Conflict and Conversion in Sixteenth Century Central Mexico

The Augustinian War on and Beyond the Chichimeca Frontier

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In the sixteenth century Franciscan, Dominican, and Augustinian missionaries attempted to convert the native populations of central Mexico. The native peoples generally viewed the new religion in terms very different from that of the missionaries. As conflict broke out after 1550 as Spaniards invaded the Chichimeca frontier (the frontier between sedentary and nomadic natives), the missionaries faced new challenges on both sides of the frontier. Some sedentary natives resisted evangelization, and the missionaries saw themselves in a war against Satan and his minions. The Augustinians assumed a pivotal role in the evangelization campaign on both sides of the Chichimeca frontier, and employed different methods in the effort to convince the natives to embrace the new faith and to defeat Satan’s designs. They used graphic visual aids and the threat of an eternity of suffering in hell to bring recalcitrant natives, such as the Otomi of the Mezquital Valley, into the fold.
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Biographical Note

Robert H. Jackson, Ph.D. (1988) University of California, Berkeley, is Professor of International Relations and Latin American Studies at Alliant International University, Mexico City, and Program Director of the Alliant School of Management. He has authored, co-authored, edited, and co-edited 11 books and more than 60 journal articles.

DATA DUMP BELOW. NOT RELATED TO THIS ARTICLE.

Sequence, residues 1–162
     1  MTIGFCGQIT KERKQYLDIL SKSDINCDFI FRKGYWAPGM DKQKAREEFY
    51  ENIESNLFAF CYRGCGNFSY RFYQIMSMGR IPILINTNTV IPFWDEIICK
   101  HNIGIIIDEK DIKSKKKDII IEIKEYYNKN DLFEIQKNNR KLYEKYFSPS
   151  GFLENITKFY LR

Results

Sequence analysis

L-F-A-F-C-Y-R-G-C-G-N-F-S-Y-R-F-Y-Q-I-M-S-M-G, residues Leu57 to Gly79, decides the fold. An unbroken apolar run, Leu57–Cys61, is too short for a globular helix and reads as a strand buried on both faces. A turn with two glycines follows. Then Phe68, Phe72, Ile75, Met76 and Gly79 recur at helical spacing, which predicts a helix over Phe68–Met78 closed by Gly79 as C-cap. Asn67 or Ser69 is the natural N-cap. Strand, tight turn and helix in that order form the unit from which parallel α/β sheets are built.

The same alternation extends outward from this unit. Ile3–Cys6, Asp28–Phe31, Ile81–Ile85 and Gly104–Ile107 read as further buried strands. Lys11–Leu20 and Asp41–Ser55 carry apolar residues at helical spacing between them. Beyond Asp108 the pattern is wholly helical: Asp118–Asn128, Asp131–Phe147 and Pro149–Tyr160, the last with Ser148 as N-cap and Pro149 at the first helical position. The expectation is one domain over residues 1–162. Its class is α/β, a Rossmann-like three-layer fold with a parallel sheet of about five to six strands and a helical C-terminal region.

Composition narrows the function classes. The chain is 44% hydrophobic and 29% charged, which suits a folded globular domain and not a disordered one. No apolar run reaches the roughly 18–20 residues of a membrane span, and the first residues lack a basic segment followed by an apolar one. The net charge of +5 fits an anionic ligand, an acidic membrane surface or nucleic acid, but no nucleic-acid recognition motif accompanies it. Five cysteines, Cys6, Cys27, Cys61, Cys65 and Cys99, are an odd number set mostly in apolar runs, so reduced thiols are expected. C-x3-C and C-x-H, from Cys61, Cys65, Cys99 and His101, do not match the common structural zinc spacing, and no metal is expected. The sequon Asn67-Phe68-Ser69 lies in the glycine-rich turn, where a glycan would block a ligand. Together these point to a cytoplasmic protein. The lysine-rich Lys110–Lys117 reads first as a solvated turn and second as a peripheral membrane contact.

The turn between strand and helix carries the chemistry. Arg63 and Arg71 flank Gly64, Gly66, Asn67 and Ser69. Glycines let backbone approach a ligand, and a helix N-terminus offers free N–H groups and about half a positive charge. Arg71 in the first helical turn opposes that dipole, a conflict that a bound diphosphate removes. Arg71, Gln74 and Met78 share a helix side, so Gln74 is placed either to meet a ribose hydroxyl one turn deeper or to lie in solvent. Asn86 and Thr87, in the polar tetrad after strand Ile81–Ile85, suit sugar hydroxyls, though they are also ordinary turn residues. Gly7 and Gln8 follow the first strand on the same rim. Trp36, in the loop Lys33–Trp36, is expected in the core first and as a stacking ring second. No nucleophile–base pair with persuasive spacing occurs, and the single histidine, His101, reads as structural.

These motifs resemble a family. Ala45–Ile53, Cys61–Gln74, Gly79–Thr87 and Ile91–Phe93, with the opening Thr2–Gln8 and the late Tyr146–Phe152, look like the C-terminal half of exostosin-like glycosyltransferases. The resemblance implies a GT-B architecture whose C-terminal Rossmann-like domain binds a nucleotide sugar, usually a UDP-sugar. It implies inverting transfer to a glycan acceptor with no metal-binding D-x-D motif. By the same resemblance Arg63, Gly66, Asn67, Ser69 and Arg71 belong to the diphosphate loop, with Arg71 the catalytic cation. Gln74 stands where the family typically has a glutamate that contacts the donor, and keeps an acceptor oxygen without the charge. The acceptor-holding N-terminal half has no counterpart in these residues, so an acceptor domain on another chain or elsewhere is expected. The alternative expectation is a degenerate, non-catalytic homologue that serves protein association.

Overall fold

Review Quotes

[...] [S]pecialists will certainly value this engagingly written and wide-rangong study and the author's decision to adopt a historical approach to a topic that, still in its infancy, has attracted mostly the attention of art historians. It also bears repeating that this is a beautifully illustrated monograph.
Andrew B. Fisher, Itinerario, Vol. 38, No. 1 (2014), pp. 174-176

"In this wonderfully illustrated monograph, Robert H. Jackson departs from his usual focus on late colonial Spanish-American frontier missions to examine sixteenth-century murals executed on the walls of Augustinian conventos in the modern Mexican states of Hidalgo and Michoacán. [...] Jackson makes an important contribution to the extensive literature examining the evangelisation of native peoples in sixteenth-century Mexico."
- Verónica A. Gutiérrez (Azusa Pacific University), ThE English Historical Review, CXXX. 542 (February 2015)

Table of contents

General Editor’s Preface
List of Tables, Figures and Map
Preface: Genesis of a Question and Interpretation
Acknowledgement

1. Introduction

2. Setting the Stage: Native Peoples and Augustinian Missions in Central Mexico and Beyond the Chichimeca Frontier

3. The War against Satan and Sin: The Open Chapel Murals of San Nicolás Tolentino and Santa María Xoxoteco

4. The Holy War against the Chichimecas: The Ixmiquilpan Church Mural Series

5. Beyond the Chichimeca Frontier: Augustinian Evangelization of the Sierra Gorda, Sixteenth to Eighteenth Centuries

6. Conclusion

Glossary
Selected Bibliography
Index

Readership

Readers will include specialist in Latin American history, global history, ethnohistory, religious history.

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